Canada Limiting Cold Meds for Kids

Earlier this year, Health Canada recommended parents not give <"">over-the-counter (OTC) cold medications to children under the age of two, citing evidence that there is limited effectiveness in this population of children, reported Reuters.  Now, Reuters is reporting that Health Canada raised the age to six over issues of misuse and overdosing problems.  Health Canada is that country’s federal health agency.

In the United States, the use of OTC cold and cough medicines in young children has been a point of concern for some time.  In October 2007, some drug makers removed infant versions of the medications off the market, including Johnson & Johnson’s Tylenol Plus Cold, Novartis AG’s Triaminic Infant & Toddler Thin Strips Decongestant, and one product sold by Wyeth under its Robitussin brand; Pediacare, Dimetapp, and Little Colds brand products were also recalled.   Earlier this year, the U.S. Food and Drug Administration (FDA) issued a warning advising that OTC cold and cough medicines should not be given to children under two following a 2007 study conducted by the Centers for Disease Control and Prevention (CDC) found that between 2004 and 2005, 1,500 children under the age of two were injured by common OTC decongestants and antihistamines; a second study by FDA safety reviewers reached similar conclusions and that research revealed that from 1969 to 2006, at least 54 children died after taking OTC decongestants, and 69 died after taking OTC antihistamines.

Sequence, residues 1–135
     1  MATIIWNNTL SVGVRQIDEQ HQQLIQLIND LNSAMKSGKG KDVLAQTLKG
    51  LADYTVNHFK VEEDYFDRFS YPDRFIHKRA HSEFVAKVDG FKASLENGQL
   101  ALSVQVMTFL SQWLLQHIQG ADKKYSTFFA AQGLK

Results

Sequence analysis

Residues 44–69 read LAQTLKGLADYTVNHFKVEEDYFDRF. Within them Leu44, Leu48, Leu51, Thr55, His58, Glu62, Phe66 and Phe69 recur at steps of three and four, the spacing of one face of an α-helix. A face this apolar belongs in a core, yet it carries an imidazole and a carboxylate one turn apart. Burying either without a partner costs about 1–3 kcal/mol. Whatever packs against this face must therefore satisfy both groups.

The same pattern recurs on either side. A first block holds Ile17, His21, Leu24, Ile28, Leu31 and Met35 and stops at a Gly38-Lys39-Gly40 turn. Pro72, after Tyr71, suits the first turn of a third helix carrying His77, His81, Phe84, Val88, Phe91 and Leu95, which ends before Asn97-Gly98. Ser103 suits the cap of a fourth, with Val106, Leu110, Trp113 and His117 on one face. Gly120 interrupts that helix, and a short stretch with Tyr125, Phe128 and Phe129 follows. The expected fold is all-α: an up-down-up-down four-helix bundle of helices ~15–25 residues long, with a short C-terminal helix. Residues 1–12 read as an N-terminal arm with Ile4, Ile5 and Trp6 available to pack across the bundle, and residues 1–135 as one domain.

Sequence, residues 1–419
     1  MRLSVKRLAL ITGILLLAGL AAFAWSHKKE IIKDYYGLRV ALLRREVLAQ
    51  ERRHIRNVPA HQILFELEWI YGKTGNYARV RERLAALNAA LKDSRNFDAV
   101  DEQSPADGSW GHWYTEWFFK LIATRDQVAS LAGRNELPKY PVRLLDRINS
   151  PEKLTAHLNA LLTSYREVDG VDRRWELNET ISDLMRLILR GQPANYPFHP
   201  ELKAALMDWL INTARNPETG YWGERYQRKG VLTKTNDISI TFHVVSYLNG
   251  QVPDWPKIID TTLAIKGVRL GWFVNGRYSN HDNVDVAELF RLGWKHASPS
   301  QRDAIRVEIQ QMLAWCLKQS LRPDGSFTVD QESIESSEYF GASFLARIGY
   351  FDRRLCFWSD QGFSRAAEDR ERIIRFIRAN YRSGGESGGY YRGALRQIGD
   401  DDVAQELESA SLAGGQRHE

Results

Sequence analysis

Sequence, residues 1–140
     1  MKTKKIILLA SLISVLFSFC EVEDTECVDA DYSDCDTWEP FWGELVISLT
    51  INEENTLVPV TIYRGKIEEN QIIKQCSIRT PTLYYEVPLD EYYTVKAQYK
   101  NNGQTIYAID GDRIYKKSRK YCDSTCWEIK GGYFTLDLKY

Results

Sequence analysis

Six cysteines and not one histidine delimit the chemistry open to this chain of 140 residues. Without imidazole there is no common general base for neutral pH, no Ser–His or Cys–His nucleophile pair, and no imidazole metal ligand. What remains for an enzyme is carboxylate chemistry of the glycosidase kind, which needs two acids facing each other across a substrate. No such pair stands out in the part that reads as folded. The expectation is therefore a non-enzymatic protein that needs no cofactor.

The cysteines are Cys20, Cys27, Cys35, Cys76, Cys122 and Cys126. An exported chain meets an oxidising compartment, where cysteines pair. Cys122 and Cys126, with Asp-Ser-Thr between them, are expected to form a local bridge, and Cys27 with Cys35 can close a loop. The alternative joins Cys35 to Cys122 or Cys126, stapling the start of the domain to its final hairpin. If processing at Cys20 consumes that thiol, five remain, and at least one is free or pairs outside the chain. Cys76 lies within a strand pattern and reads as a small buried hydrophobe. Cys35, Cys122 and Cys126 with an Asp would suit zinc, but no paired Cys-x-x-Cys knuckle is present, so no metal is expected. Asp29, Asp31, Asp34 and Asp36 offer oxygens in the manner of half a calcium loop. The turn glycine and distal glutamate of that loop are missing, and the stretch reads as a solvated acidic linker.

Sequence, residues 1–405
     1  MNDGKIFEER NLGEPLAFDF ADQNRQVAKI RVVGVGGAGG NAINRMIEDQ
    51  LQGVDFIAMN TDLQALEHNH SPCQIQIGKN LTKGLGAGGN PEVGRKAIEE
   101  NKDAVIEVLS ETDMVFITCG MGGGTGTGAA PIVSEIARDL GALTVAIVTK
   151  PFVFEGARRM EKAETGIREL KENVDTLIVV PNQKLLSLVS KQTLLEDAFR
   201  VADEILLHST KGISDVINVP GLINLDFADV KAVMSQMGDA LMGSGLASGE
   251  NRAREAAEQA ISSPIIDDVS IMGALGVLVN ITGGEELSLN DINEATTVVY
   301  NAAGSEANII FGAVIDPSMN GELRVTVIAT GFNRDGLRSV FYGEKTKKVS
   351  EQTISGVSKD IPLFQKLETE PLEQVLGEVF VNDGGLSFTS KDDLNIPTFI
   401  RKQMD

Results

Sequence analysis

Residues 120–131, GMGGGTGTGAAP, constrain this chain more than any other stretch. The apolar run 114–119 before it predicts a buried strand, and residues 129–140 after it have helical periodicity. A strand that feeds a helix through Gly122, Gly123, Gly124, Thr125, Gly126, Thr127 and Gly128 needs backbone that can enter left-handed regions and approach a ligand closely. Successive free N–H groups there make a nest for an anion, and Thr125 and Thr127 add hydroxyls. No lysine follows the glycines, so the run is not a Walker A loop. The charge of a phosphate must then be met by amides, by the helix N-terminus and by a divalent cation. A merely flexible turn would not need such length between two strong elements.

Health Canada asked a scientific panel to review the OTC cold medicine and reported that the panel found reports of rare, but serious side effects associated with the medications in addition to the ongoing misuse and overdose issues, said Reuters.  “While the link between the adverse events and the products cannot be definitely proven by these reports, they are signs that Health Canada cannot ignore,” the agency said in a statement, Reuters quoted.

This past October, manufacturers in the U.S. of OTC children’s cold medicines warned that the drugs should not be given to kids younger than four-years-old. Manufacturers also said they planned on expanding an educational campaign aimed at urging parental care in giving children cough and cold medicines.  Health Canada said it set the limit at six years of age partly because younger children generally come down with more colds and are, therefore, exposed to more medications, said Reuters.  In Canada, a group representing drug makers warned—also in October—that OTC oral cough and cold medicines should not be used in children under four due to risks of rare complications linked to inappropriate use, reported Reuters, which added that such drug makers continue to maintain that OTC cold and cough medicines are safe when used as directed.  Regardless, said Reuters, Health Canada confirmed manufactures must change their medication labels next year, and studies will continue on the proper dosing levels for children.

Meanwhile, this month’s U.S. announcement by the Consumer Healthcare Products Association on behalf of the industry, came less than a week after an FDA advisory panel met to discuss the safety of OTC children’s cold medicines, which have been tied to accidental overdoses and deaths in this country.  Several patient advocates pushed for a ban on the drugs during that meeting.

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